Saturday, 20 June 2015

Luther's Preface to the Quran

Pastor James McConnell delivered a sermon at the Whitewell Metropolitan Tabernacle in Belfast on 18th May 2014, in which he denounced Islam in language that seems, at least as first, reminiscent of the language of, e.g., the homily on the time and place of prayer in the second book of homilies. These old sermons and this new sermon have in common that they seek to commend the worship of the one true God by clearly refuting the error of Islam. But there are differences. Martin Luther was as clear as anyone on distinguishing between the Allah to which the Quran testifies and the true and living God we know from the Bible. (See also my earlier post on Do Christians and Muslims worship the same God?) But he was not promoting ignorance. Indeed, he wrote a preface to a printed edition of the Quran:
"May there be none so infirm in the church of God that they do not have this conviction fixed in their mind, that, as certain as they know that they are alive as long as their senses and bodily motor functions are still vital, as certain as they know that it is day, as long as they see the sun passing above the earth in the middle of the sky, so certain should they be that it is patently impossible that any religion or doctrine about the worship or invocation of God be true that utterly rejects the prophetic and apostolic writings….
Muhammad acknowledges, however, that he is devising a new belief that dissents from the prophets and apostles. Therefore, as you firmly repudiate the beliefs of the Egyptians who worshipped cats and of the Arabians who worshipped dogs, so you shall denounce the new creation of Muhammad, because he himself openly admits that he does not embrace the teaching of the prophets and apostles. If there are any who are so without understanding that they do not have this conviction fixed in their mind that the only true religion is that which was from the beginning handed on by God, with clear testimonies, through the prophets and apostles, even if these persons do not now read the writings of Muhammad, but either only hear about the Turks or see them, how will they fortify themselves against their beliefs? Rather, it is a shameful and impious ignorance if they do not daily admonish themselves in intercession concerning this belief, if they do not separate themselves from the Jews, the Turks, and other nations in prayer; if they do not meditate on the fact that this one alone is the eternal and true God, the creator and sustainer of all things, who hears us and will grant life eternal, who revealed himself in the writings of the prophets and apostles, who willingly sent God’s Son to be a sacrifice for our sake. Those who meditate on these things in prayer will acknowledge that this stupidity is no light sin."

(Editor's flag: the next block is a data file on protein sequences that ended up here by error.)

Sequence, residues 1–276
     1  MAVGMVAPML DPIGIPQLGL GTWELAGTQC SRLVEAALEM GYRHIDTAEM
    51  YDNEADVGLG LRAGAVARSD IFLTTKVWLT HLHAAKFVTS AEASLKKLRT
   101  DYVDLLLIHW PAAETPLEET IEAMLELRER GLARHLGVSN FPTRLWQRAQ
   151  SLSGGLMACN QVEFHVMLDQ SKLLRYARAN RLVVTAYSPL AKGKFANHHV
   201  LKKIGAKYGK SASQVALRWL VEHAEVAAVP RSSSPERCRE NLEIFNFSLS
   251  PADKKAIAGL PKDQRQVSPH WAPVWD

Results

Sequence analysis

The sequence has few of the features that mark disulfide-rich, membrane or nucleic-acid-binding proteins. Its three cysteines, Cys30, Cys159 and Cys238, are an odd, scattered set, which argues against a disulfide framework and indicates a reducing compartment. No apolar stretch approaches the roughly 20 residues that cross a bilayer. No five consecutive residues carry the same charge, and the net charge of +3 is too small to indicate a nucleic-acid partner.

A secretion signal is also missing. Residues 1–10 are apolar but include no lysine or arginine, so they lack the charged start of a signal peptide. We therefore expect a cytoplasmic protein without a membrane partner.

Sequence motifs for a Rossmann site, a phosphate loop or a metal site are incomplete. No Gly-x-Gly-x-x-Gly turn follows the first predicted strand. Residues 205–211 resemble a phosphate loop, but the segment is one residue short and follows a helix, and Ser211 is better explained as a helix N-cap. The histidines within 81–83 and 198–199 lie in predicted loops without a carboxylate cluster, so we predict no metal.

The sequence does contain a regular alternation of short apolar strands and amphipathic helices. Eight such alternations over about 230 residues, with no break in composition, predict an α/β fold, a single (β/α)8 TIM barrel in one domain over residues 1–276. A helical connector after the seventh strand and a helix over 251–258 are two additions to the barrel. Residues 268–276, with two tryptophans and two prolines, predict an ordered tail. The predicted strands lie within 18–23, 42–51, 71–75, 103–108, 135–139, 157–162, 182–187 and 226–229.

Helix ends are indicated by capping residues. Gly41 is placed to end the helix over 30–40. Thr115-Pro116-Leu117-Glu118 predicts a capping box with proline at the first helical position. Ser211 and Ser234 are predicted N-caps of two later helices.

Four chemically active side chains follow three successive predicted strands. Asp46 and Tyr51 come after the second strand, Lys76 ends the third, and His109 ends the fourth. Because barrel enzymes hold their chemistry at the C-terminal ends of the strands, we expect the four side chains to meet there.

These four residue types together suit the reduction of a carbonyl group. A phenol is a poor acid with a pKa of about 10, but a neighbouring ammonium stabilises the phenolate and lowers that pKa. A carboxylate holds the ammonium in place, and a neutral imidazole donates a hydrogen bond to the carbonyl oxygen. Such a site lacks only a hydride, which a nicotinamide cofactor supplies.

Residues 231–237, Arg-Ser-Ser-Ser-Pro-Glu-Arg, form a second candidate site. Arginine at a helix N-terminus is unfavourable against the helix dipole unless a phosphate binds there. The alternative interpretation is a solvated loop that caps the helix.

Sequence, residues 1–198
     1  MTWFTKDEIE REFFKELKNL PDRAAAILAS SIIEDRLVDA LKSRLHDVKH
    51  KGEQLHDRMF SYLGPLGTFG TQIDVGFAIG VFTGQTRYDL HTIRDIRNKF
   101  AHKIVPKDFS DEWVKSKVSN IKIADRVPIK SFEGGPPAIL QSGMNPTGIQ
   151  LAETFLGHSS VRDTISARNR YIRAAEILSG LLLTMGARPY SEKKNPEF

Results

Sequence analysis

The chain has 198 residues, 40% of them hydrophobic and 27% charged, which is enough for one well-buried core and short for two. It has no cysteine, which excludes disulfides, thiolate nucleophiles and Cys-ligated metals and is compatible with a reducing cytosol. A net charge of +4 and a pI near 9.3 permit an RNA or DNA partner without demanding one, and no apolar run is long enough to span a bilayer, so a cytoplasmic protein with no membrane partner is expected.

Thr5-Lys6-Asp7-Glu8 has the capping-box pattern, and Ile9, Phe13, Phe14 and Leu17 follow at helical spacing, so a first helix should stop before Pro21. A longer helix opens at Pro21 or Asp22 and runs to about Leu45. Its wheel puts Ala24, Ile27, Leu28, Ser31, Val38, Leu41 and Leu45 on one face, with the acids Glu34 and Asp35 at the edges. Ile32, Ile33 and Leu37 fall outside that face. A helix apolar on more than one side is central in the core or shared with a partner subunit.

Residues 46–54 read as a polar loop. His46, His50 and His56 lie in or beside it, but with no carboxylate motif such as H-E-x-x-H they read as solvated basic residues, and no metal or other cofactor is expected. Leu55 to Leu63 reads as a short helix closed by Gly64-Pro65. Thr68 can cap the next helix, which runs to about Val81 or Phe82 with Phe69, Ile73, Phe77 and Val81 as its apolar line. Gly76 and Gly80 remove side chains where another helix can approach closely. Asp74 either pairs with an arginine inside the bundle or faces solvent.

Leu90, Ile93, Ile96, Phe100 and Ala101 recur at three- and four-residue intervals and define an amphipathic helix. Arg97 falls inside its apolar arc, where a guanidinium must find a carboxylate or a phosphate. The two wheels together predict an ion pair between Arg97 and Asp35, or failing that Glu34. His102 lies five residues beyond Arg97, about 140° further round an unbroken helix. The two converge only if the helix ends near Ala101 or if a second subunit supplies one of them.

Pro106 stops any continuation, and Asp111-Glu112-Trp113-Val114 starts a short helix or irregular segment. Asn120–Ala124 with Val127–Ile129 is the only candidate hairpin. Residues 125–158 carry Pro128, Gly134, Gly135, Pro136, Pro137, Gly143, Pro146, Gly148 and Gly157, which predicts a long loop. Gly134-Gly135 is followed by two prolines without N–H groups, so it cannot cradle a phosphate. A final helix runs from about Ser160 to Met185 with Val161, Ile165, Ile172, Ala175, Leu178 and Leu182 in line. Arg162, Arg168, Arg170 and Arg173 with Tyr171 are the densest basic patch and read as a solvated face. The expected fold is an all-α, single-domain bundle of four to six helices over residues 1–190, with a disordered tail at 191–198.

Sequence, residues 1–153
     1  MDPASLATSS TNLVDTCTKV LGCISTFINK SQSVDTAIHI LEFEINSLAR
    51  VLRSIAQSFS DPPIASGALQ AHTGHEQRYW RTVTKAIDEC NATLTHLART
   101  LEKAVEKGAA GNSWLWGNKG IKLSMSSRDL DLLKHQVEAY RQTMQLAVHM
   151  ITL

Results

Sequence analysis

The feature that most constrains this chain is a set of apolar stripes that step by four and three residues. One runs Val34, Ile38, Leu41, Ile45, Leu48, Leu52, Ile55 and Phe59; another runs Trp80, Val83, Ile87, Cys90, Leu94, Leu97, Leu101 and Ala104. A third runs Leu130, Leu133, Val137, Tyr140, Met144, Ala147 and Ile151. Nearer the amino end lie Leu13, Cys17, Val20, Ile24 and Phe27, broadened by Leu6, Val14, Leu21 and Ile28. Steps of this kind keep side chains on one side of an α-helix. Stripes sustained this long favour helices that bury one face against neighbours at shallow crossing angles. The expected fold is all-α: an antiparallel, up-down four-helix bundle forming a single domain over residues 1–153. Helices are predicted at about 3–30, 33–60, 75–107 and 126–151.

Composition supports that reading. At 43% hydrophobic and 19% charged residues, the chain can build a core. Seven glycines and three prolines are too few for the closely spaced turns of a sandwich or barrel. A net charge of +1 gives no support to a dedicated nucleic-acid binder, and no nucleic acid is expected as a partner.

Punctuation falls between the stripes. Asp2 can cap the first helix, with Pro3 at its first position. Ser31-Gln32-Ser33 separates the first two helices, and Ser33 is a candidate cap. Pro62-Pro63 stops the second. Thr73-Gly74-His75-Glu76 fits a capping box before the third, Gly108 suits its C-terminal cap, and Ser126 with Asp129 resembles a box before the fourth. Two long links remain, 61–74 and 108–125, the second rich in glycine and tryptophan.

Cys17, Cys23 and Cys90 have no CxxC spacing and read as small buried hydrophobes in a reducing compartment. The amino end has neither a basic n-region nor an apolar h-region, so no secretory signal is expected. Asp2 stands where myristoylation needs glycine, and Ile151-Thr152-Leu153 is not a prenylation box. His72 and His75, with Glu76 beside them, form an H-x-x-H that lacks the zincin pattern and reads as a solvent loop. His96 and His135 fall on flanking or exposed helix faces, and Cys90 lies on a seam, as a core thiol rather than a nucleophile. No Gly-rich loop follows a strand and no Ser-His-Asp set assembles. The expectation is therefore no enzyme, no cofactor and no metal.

The churchmen of the sixteenth century had virtually no contact with Muslims. Their knowledge of Islam was second-hand and shaped by the serious threat to Christendom presented by "the Turks".

Today we know, or ought to know, that the Islamic world, while maybe not as diverse as the Christian world, is nevertheless far from monochrome. We have many more means of getting to know Islam and, maybe even more importantly, many more opportunities to meet Muslims. When we preach, we are addressing people who know Muslims and maybe even speak to Muslims, especially if the sermon is streamed online. When we reproduce these old homilies today, we are not doing the same thing as the readers of them did in centuries gone by. Today's preachers ought to be better informed. They ought to speak differently. And they can. As Archbishop Cranmer points out, there is a better way.